In this video excerpt from NOVA’s "Making Stuff: Cleaner", host and New York Times technology columnist David Pogue visits a Ford factory, where petroleum-based plastics in cars are being replaced with cleaner bioplastics. Watch how wheatgrass bioplastic for the Ford Flex is produced and helps conserve about 30,000 pounds of petroleum every year. In the related demonstration, students learn that bioplastics, made from plant or animal products, are cleaner than petroleum-based synthetic plastics because they can break down more easily in the environment. Students can follow a simple recipe to make their own bioplastic in a process similar to cheese making.
Making Stuff Cleaner Demonstration (Document)
Each year, we extract some 30 trillion tons of raw materials from the Earth. We turn iron ore into steel cars, petroleum products into plastics, and metals into batteries. What happens to all those raw materials when the useful life of our stuff ends? Many end up in landfills or at the bottom of rivers, lakes, and oceans.
The word plastic has many meanings. In everyday language, it means a materials or object that can be molded or shaped. Such materials have the property of plasticity. Scientifically, however, a plastic is a type of polymer, a substance made of long chains of molecules. The properties of a plastic – whether it bends or stretches, remains soft or hardens into a solid – depend on how those long chains are arranged.
Polymers, including plastics, can be synthetic or natural. Today most plastics are synthetic and made from petroleum. It can take hundreds of years or more for light, heat, or moisture to break them down in the environment. When they do degrade, some can leach harmful substances into the water or soil. However, bioplastics are usually biodegradable, which means they will decay as microbes eat them.
This presents a challenge to materials scientists who must design materials that are strong and durable enough to be useful – but not so strong and durable that they remain in the environment long after they are no longer needed.
One type of bioplastic is made from the protein found in milk, called casein (pronunciation: “kay-seen”). Casein plastic, invented in 1899, is made by a process similar to cheese making in which an acid is added to milk. This causes the casein proteins to unfold and reorganize into long chains of molecules forming a polymer. This process is called polymerization.
In the early 20th century, before petroleum-based plastics became widespread and relatively inexpensive to produce, casein plastic was used to make jewelry, buttons, door handles, and acrylic paints. Today it is a component of some glues. Another, harder form of casein plastic, called galalith, which means “milkstone” in Greek, is produced by adding formaldehyde, which is a toxic chemical.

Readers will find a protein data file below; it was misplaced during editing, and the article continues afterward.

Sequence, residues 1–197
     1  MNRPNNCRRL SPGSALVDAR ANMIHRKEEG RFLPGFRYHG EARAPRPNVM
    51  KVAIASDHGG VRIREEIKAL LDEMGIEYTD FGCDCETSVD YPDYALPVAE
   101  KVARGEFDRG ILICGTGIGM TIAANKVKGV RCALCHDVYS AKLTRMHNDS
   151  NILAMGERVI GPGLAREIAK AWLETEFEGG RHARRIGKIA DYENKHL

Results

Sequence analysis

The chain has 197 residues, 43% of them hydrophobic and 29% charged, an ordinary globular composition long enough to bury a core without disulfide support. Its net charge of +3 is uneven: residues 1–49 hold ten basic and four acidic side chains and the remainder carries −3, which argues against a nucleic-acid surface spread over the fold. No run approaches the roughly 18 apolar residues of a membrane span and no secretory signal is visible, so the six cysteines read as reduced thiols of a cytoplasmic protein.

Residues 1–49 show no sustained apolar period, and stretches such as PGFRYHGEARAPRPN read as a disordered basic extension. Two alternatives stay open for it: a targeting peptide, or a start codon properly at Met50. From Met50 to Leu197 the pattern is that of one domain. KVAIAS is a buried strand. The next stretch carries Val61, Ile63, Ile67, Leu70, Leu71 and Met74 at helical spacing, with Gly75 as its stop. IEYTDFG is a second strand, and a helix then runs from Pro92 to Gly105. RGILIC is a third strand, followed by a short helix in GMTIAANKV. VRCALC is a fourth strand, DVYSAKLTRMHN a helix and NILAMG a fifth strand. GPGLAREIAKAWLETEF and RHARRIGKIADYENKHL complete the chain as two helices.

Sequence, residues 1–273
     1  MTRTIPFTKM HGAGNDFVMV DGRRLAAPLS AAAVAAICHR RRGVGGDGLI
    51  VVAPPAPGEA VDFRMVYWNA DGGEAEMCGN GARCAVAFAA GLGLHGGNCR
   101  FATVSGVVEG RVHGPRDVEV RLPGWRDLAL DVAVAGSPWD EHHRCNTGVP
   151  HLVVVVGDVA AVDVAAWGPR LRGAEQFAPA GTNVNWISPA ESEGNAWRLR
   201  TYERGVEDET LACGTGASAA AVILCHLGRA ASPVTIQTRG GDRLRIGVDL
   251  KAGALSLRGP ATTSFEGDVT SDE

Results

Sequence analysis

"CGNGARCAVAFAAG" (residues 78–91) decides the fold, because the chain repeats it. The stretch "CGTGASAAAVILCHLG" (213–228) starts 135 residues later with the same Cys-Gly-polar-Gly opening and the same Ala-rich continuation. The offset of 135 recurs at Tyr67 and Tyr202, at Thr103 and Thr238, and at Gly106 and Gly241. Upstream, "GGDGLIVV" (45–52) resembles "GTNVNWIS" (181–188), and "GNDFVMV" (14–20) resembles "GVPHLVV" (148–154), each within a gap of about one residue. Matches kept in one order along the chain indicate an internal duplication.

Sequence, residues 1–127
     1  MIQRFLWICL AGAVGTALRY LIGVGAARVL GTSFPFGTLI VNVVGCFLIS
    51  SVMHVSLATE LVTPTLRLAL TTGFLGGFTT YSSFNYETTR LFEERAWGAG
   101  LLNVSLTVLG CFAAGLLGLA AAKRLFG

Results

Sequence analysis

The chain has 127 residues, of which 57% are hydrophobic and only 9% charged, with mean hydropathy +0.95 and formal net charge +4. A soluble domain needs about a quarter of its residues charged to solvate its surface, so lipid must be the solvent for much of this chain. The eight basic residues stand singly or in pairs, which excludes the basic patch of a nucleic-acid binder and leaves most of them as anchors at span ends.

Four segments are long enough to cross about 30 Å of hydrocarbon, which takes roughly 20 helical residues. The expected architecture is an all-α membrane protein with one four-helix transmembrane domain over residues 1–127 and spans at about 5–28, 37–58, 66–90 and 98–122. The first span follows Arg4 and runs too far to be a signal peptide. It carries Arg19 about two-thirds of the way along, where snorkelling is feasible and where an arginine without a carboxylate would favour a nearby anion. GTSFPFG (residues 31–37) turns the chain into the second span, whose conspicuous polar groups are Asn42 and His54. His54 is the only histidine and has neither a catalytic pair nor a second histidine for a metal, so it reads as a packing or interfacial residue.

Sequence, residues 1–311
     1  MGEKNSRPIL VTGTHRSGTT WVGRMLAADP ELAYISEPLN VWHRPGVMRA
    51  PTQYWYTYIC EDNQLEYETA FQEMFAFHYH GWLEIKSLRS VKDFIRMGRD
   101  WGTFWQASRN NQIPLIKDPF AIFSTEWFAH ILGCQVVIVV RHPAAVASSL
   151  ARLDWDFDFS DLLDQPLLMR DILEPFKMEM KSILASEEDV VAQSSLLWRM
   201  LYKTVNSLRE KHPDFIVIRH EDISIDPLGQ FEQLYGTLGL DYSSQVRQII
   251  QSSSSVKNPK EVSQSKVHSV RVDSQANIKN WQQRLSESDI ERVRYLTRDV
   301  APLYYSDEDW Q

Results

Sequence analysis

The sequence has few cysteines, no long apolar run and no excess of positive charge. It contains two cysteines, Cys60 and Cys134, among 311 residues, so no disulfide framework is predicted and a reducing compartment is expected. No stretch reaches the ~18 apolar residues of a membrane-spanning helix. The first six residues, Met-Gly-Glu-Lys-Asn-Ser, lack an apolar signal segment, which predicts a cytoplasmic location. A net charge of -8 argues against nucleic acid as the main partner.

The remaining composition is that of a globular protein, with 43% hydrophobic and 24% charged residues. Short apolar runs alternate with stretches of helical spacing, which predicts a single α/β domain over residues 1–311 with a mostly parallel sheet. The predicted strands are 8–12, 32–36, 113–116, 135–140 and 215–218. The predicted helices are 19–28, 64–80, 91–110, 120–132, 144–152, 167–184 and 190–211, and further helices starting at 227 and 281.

DAVID POGUE Ford is already replacing 10 percent of that petroleum-based plastic with stuff that's much easier to digest: food.
I look at this and I don't say to myself "car seat." How, how does something like this get to be plastic?
DEBORAH F. MIELEWSKI We take the soybeans and we press them, and you get soybean oil.
DAVID POGUE So, instead of using hard-to-decompose petroleum-based plastic, Ford is substituting soy and other vegetable oils to make bioplastic.
Fifty grams, all right.
PATRICIA C. TIBBENHAM Going to mix it for 30 seconds.
DAVID POGUE And after we're done with this can I have a blueberry smoothie?
Other than the ingredients, there's not much difference in the process.
Oh, my god. Everybody clear the building! It's going to blow! The soy foam is taking over!
Ford is using bioplastic not only in soft foam seats, but also for hard plastic surfaces like the dashboard. And they're making other car parts from stuff that's left over from harvesting wheat.
Eighty percent of all plastic car parts are made using an injection mold process. The difference here is the wheat.
It seems like a scene from Willy Wonka. Whahahaha!
The machine takes a wheat-straw-plastic mixture, melts it, and pushes it into a mold. The mold cools and pops out a plastic part.
So we've gone from this to this, in 400 easy steps.
This is just a test strip, but this bin for the Ford Flex is made of wheat grass. It decomposes, it's carbon-neutral, and it's already saving tons of petroleum a year.
DEBORAH F. MIELEWSKI Even this small part on only the Flex conserves about 30,000 pounds of petroleum each and every year.
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